Clay is wonderful stuff.  It's highly fertile and the negatively charged particles "grab onto" N, K, and P, as it washes through the soil profile.  But you've got to have carbon to make it fertile and to make it permeable for water infiltration.  A swale helps tremendously with that process.

You may wish to just try something small --- just 8" deep or so --- just the depth and width of a shovel.  Dig that on contour and see what happens over the next two years.  Is the soil at the bottom of the swale getting richer?  I dig little "micro swales" like this and notice that they quickly fill up with leaves and other bio-mass, particularly at this time of year.  It doesn't have to be a massive earthwork in order to capture some of the benefits.

 
John C Daley
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I have very hard clay in places, denuded by overgrazing or horses in the past.
I have found If I simply run a ripper through, with one or two passes sometimes and leave that disturbed soil, it starts a process of improvement. Slowly.
But if I did nothing, there is no improvement.
The ripping fractures the harder and compacted sold, and allows some air and water to penetrate, which is the 1st step on the improvement path.
 
pollinator
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Hi Daron,

Hope things are going well with you.

I just wanted to address a few points.

An approach you might want to consider is to lay woody debris on contour as you would swales. If things roll, maybe stake them in place with a bit of branch or whatever, or make a disturbance for them to sit in, on contour, where you'd otherwise perhaps consider swales. These will act as sediment traps. You can seed them with whatever pioneer species you want, or just let things happen. Eventually, sediment and duff will catch uphill of your traps, creating lines of soil on contour across your slopes. Sufficient root networks will actually serve to stabilise the slopes you're worrying about, and as Marco mentioned, the workings of root systems down in the soil will eventually increase water infiltration, driving down through that impermeable compacted layer you mentioned.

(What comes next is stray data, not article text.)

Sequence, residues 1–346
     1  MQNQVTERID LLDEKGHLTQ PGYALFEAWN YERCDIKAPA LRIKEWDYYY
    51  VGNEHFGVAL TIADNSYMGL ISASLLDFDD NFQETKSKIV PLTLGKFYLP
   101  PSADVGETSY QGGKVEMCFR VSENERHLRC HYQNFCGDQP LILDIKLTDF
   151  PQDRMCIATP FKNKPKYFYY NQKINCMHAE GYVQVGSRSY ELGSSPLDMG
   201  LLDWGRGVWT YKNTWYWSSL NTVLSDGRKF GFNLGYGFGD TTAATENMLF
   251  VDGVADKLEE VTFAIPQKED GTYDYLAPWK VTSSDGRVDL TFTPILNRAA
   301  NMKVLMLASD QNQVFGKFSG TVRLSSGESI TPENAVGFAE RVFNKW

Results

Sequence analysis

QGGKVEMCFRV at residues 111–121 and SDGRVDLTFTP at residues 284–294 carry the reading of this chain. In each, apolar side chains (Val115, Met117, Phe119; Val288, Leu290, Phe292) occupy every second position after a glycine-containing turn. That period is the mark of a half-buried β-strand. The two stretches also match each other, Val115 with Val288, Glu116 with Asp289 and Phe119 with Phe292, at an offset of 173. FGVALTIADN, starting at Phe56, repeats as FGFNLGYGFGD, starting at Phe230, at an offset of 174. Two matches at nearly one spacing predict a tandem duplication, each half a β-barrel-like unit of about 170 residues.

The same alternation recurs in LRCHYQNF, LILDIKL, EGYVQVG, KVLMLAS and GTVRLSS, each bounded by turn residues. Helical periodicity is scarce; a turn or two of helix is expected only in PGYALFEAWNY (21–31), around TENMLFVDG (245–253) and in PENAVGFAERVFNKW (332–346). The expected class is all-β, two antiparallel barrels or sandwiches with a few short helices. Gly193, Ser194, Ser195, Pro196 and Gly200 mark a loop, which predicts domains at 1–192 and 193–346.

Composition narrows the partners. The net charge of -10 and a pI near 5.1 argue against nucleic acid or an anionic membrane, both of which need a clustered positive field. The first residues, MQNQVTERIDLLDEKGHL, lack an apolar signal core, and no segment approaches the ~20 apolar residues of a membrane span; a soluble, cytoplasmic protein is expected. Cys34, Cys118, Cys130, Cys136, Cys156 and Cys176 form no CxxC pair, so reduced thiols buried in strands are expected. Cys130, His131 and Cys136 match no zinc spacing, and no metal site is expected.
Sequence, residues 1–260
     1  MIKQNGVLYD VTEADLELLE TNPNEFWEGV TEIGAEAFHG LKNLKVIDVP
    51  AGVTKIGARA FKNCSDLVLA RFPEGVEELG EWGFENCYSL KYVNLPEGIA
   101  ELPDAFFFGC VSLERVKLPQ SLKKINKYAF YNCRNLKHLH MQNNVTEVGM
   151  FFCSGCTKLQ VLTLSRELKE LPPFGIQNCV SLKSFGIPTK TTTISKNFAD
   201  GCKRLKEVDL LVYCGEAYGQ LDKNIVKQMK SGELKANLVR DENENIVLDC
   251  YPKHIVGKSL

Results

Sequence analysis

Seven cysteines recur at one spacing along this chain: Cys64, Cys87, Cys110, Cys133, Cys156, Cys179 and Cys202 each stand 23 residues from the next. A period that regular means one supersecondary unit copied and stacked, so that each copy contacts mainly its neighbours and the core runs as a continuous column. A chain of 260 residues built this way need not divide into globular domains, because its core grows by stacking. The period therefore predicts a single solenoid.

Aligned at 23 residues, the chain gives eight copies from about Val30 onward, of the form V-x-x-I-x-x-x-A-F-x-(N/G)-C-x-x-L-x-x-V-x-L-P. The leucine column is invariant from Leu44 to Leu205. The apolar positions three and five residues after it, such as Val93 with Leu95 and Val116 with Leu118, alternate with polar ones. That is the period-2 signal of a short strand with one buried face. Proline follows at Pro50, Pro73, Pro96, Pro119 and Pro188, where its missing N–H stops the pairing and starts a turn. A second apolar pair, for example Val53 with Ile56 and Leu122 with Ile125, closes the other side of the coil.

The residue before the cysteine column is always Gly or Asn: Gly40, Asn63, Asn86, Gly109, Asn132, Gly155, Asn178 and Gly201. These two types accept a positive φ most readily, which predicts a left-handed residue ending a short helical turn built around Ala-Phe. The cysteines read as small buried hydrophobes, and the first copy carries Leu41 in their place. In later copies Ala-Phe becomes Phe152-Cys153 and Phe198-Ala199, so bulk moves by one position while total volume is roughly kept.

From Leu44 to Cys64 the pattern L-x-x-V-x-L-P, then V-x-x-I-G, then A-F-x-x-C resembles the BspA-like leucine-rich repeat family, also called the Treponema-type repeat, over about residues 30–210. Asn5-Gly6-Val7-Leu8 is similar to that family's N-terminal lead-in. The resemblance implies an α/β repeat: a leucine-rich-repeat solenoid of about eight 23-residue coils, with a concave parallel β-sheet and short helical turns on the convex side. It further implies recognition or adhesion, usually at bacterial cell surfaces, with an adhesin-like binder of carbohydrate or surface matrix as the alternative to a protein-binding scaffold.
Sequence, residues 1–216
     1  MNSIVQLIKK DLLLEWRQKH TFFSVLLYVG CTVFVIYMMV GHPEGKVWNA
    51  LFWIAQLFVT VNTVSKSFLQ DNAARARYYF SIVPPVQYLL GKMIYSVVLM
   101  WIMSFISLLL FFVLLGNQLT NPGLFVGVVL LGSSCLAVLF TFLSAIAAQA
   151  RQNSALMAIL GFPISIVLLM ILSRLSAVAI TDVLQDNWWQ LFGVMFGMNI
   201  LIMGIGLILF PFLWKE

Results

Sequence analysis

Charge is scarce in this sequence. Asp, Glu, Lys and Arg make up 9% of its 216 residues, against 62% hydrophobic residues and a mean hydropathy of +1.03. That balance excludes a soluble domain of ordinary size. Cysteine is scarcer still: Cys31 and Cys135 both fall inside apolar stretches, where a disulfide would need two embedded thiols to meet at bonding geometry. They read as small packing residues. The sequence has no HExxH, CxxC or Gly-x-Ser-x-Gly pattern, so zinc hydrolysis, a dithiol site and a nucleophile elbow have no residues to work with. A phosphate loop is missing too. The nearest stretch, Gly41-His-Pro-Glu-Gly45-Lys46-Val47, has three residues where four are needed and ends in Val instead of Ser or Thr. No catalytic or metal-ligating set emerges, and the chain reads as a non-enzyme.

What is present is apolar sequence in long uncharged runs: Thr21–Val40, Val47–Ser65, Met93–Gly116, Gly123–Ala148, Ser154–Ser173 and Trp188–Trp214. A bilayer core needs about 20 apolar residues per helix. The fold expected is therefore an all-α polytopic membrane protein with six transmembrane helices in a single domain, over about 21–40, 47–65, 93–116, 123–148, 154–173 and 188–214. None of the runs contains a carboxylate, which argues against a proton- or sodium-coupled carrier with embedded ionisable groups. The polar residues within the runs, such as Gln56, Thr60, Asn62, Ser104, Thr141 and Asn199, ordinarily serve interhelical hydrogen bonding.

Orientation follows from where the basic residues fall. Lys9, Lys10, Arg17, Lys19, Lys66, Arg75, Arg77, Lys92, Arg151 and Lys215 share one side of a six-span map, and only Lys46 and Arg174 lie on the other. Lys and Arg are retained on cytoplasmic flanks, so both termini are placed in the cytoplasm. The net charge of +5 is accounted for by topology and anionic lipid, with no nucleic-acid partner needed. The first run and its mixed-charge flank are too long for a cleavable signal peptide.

The strategy mentioned above can easily be done as you walk your property without as much effort as digging swales, even tiny ones. You'd effectively be rearranging the soil surface to help your hydrology terrace the sloped areas you're working with, and then the root zones spreading down and out from the sediment traps will help your excess water infiltrate down through your clay and into the aquifer. And any organic matter that you drop or that ends up on the soil because of your actions will simply help fuel the soil-building process.

-CK
 
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Great to be here with you all. This is lovely
 
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Daron,

How big are your swales?
 
Daron Williams
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At this point I decided to hold off on the swales in part due to the concerns I had and others mentioned. As of today I can walk around the area where I thought about installing swales and see standing water and hear a squish sound as I walk on it. It stays that way all winter for the most part.

I'm going to eventually go with the suggestion made earlier by Chris and just place woody debris on contour. I will also be building some garden beds on contour in a relatively flat area on the top of the slope.

But this project got put on hold due to some other priorities that came up but I will move forward with the garden beds hopefully next fall. The woody debri swales will need to wait longer until I get some other stuff done.